Mother 'delighted' by parole decision

By Samuel White

Kylie Smith. Photo / Otago Daily Times
Kylie Smith. Photo / Otago Daily Times

The mother of murdered Owaka teen Kylie Smith says she is "absolutely delighted" to have five years off from having to argue to keep her daughter's murderer in prison.

The Parole Board yesterday released its decision to postpone for five years parole hearings for Paul Bailey (51), who raped and murdered 15-year-old Kylie while she was out riding her horse in 1991.

The board will not consider his parole again until 2021, while he undergoes significant psychological treatment.

Dawn Smith, of Owaka, said yesterday it was a great relief to get a break from the constant stress of parole hearings.

"We've got five years now to lead our lives normally, whatever that is, and not worry about [parole hearings]. It's just an absolute relief to forget about him for a while."

"I'm sick of him being in my life, but that's the way it is ..."

She intended to write to the board to thank it for the decision.

"It makes life so much easier. If it's for a couple of years, or three years, you've got to know at the next April, or whatever it is, that you've got to start thinking about 'what are you going to say to the parole board this time'?"

In its postponement decision, released yesterday, the Parole Board said Bailey was to appear before it last Tuesday but decided not to appear or be represented by a lawyer, telling the board instead he "could not be bothered" attending.

Bailey has been in prison for nearly 25 years for the murder of Kylie on November 1, 1991.

A month before the rape and murder of Kylie, Bailey was charged with attempted rape in Ettrick and was on bail at the time of the Owaka 15-year-old's death.

He was armed with a .22 calibre rifle when he approached Kylie, who was riding a horse.

He forced her into his car then drove into an area of bush, where he raped and murdered her.

He was convicted for the crimes and imprisoned for life.

The board noted Bailey had been convicted of "terrible crimes against a range of victims".

Although Bailey had completed a programme for child sex offenders, he was "exited" from the graduates' group and had been waitlisted to undertake an extended period of individual psychological treatment for a period of two years, then would need to complete further "reintegrative" activities before release, it said.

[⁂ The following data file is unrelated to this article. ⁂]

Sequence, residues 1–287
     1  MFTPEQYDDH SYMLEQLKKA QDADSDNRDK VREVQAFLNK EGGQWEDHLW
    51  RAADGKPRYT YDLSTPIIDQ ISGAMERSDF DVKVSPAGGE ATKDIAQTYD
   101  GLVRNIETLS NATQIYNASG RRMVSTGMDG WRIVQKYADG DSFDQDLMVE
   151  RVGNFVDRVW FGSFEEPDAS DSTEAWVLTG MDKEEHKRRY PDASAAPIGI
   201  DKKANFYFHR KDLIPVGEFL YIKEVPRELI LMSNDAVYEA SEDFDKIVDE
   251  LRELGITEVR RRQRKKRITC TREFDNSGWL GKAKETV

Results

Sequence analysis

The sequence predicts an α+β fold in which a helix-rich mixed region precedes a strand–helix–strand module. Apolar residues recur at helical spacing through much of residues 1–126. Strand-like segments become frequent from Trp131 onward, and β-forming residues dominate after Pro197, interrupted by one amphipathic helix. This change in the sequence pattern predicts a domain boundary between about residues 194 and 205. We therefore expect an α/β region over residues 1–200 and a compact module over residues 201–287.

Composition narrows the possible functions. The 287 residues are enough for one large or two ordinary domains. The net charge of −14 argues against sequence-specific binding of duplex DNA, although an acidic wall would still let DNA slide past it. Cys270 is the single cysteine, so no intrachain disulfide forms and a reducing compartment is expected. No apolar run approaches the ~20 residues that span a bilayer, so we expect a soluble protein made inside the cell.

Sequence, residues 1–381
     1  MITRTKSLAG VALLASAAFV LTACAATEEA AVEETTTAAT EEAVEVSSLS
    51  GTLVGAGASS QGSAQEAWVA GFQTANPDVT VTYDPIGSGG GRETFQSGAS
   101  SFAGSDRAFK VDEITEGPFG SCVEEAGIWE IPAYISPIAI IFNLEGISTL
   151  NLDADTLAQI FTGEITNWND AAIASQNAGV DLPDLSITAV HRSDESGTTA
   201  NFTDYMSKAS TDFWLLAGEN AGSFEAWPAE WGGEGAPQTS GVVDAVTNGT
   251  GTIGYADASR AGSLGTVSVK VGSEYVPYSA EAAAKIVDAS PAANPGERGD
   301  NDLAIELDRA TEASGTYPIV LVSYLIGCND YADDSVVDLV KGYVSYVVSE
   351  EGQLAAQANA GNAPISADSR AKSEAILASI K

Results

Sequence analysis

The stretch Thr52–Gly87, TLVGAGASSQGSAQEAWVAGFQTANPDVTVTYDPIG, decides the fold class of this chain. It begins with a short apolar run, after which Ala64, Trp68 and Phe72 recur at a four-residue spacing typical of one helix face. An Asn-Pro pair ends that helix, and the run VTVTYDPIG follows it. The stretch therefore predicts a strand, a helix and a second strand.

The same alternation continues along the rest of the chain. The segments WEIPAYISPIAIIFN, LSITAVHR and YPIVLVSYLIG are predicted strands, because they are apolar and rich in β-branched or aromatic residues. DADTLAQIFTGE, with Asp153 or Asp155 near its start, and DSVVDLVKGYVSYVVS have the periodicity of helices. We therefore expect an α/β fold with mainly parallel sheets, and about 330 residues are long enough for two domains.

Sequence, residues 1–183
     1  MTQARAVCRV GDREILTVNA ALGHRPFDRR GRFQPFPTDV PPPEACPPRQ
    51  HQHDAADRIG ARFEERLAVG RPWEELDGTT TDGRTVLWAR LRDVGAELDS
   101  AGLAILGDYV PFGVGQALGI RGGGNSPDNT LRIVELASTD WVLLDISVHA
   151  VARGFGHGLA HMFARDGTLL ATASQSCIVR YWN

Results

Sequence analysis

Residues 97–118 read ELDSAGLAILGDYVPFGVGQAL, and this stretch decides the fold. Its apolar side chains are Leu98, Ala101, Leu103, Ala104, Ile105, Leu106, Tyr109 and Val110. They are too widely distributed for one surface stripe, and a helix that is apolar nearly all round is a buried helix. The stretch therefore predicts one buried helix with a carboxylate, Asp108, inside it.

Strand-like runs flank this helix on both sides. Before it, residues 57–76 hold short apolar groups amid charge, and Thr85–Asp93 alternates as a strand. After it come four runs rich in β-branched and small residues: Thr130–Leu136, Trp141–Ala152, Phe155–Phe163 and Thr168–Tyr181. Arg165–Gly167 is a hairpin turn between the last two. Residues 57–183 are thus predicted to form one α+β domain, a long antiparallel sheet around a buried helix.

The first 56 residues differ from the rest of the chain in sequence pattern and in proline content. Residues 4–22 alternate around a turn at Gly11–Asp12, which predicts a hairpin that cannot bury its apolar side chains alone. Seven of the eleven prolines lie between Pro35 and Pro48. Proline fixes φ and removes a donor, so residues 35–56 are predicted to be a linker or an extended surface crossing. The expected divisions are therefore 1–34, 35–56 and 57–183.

"On the best-case scenario, this process will take at least four years, if not longer. It depends upon the availability of psychological treatment and Mr Bailey's engagement in it."

But "his message to the board today suggests a complete lack of commitment to change".

The board declined Bailey's parole in April, and was meeting this time to discuss postponing his next hearing.

It was satisfied there were grounds to make a postponement order of the maximum period of five years.

Last year, an option to postpone parole hearings in certain circumstances was increased from three years to five.

A board spokesman said the board had imposed the maximum postponement fewer than 10 times since.

In 2010 Bailey's next parole hearing was postponed for three years.

The board denied him parole in 2013, 2014 and last year.

Mrs Smith and her late husband, Bevan, fought to keep Bailey in prison, for postponements of his parole hearings, and for changes to the justice system.

Mr Smith died, aged 60, on Christmas Day, 2011.

"My husband took the death of Kylie so badly, he never really got over it," Mrs Smith said

Paul Bailey timeline

• 1989-90: Raped a 12-year-old girl in Ettrick.
• 1991: Attempted rape, granted bail.
• November 1, 1991: Raped and murdered Kylie Smith at Owaka.
• November 2, 1991: Arrested.
• February 1992: Sentenced to life imprisonment.
• June 2005: Sentenced to three years' jail for 1989-90 rape.
• Parole 2001-10: Parole repeatedly declined.
• 2010: Parole hearings postponed for three years.
• May 2013: Denied parole.
• April 2015: Denied parole
• April 2016: Denied parole.
• August 2016: Parole hearings postponed until 2021.

- Otago Daily Times

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